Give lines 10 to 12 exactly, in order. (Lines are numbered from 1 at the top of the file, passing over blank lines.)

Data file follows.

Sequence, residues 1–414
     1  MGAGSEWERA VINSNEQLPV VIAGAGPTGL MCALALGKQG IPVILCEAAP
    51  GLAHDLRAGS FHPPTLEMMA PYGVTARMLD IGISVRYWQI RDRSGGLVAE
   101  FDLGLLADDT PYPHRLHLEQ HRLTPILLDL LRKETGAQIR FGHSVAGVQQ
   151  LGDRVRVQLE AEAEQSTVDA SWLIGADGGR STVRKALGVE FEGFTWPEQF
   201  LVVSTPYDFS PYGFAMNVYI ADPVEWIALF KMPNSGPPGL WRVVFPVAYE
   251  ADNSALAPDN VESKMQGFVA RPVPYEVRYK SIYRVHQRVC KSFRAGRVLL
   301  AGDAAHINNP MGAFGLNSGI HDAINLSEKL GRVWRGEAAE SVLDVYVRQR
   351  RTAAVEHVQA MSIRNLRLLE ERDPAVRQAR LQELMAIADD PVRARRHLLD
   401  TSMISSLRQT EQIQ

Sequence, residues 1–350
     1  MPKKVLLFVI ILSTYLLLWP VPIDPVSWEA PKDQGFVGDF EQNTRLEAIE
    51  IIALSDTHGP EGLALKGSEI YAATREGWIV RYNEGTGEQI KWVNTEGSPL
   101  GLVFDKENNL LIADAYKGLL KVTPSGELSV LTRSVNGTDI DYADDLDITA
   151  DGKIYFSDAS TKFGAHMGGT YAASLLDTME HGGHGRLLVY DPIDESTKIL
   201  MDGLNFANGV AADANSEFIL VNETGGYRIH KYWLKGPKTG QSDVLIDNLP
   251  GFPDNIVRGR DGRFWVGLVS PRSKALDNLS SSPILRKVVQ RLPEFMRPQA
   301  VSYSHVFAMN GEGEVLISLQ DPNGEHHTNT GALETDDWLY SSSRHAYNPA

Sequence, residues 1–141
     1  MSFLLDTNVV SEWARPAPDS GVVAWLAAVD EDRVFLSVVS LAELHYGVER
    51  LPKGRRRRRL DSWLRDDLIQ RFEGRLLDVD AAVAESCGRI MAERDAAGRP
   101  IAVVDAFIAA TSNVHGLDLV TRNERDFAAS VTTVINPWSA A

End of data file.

   401  TSMISSLRQT EQIQ

Sequence, residues 1–350
     1  MPKKVLLFVI ILSTYLLLWP VPIDPVSWEA PKDQGFVGDF EQNTRLEAIE